‘Shabby and unsuitable’: New call to upgrade SA courts

The Law Society of South Australia wants the state government to devote significantly more funds to the justice system, including updating ageing courts and boosting legal aid.

Mar 20, 2024, updated Mar 20, 2024
Adelaide Magistrates Court. Photo: Tony Lewis/InDaily

Adelaide Magistrates Court. Photo: Tony Lewis/InDaily

After surveying its members, the Law Society has identified major recurring issues in courts across the state, saying many need infrastructure improvements to meet work health and safety standards.

The quality of courts has been a long-noted issue, with Chief Justice Chris Kourakis previously saying in many buildings the Courts Administration Authority “is unable to provide accessible, modern facilities”.

“Our ageing court infrastructure is impeding our ability to deliver the standard of justice the South Australian community deserves,” Kourakis said.

Respondents to the Law Society’s survey identified court infrastructure, technology, privacy and disability access as issues.

“The court buildings are shabby, dreary, and unsuitable. It is hard to imagine how victims of crime and accused persons must feel walking into some of our court facilities, especially country courts,” one respondent wrote.

Another respondent said that “court rooms are ill equipped to provide access to disabled and infirm victim survivors. Wheelchair access to courtrooms is, in most cases, non-existent”.

The Law Society’s submissions also focussed on legal aid funding, noting that currently legal aid is largely inaccessible.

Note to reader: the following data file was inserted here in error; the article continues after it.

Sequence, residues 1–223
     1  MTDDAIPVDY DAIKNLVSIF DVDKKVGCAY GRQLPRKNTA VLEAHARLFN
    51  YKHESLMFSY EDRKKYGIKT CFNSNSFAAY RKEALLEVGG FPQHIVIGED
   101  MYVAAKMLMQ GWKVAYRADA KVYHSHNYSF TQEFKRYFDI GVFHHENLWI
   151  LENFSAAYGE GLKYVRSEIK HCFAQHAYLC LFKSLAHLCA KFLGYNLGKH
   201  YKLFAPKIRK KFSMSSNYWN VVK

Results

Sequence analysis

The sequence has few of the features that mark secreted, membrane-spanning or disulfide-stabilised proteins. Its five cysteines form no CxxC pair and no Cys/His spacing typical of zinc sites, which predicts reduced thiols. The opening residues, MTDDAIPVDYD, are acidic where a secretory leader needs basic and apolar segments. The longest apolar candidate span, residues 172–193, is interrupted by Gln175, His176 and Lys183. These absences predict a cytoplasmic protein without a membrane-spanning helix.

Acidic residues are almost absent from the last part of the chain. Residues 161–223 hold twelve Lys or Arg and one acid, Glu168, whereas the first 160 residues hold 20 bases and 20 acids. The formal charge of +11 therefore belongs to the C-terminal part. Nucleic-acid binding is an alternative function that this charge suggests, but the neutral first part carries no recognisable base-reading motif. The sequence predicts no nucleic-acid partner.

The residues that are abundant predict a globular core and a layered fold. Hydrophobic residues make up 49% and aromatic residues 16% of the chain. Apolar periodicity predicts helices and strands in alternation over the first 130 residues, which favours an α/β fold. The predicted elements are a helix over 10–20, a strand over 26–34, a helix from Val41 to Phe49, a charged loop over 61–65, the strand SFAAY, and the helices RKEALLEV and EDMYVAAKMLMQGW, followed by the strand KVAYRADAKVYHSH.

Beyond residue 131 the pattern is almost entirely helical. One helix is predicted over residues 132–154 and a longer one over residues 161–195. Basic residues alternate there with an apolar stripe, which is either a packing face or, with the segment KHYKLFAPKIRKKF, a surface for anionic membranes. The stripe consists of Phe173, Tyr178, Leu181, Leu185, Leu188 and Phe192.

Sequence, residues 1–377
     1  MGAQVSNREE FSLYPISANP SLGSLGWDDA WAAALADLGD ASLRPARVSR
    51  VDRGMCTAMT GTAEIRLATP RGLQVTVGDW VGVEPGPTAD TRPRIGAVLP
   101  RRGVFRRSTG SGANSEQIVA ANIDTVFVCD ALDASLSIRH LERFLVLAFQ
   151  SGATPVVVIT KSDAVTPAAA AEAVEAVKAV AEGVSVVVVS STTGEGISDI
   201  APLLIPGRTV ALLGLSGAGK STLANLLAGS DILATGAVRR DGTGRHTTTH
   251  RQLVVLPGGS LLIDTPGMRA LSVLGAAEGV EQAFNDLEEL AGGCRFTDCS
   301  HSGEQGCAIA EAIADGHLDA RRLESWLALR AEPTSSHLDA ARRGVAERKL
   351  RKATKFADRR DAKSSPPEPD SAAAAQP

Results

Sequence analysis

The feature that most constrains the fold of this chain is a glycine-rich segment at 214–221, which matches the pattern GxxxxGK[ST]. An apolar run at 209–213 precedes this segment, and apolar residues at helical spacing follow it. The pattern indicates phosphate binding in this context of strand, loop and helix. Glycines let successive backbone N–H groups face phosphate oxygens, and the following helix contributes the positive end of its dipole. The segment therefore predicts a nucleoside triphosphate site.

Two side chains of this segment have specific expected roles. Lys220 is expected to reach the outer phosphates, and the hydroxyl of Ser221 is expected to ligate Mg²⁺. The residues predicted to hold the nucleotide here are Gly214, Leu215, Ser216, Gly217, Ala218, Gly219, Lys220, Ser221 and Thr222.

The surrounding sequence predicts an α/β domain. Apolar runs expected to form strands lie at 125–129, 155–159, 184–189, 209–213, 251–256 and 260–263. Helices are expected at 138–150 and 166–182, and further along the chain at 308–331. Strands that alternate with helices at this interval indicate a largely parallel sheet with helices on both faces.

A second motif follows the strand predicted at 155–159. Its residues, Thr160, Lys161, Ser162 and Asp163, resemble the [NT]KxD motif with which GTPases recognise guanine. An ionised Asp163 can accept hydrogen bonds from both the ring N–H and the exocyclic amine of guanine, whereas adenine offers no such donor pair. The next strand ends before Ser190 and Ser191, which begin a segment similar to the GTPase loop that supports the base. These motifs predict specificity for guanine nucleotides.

It  has asked funding be increased so the Legal Services Commission can “at the very least” provide legal aid funding for people “below or on the poverty line”, as well as people in regional or remote areas, and those in Aboriginal communities.

Law Society president Alex Lazarevich said the “Legal Services Commission, community legal centres and the Aboriginal Legal Rights Movement have to turn away many people who deserve legal support”.

President of the Law Society of South Australia Alex Lazarevich said investment is needed to create better court facilities. Photo: Anthony Mason Chambers

Another priority for the Law Society, as the State Parliament continues an inquiry into the possibility of a Human Rights Act in SA, is the establishment of a Joint Human Rights Scrutiny Standing Committee.

The committee would have a mandate to examine all bills and subordinate legislation to ensure compliance with identified human rights.

Amid an ongoing increase in building disputes, the society has also called for a Building Tribunal to be established, noting under the current dispute resolution method that in most cases “the cost of resolving disputes regarding defective building work exceeds the alleged cost of the defects”.

The Law Society said “a less formal and more flexible method” of resolving the disputes through a tribunal placed within the South Australian Civil and Administrative Tribunal (SACAT) would reduce both the costs and the duration of building disputes.

Submissions also included calls for free legal representation in SACAT guardianship orders to be available from the beginning of the matter, where currently it is only available to those appealing a decision.

This change would follow a recommendation from the 2023 review of the Mental Health Act by the South Australian Law Reform Institute.

As previously reported by InDaily, the Law Society has again urged the government to consider reform to the Victims of Crime Scheme in SA.

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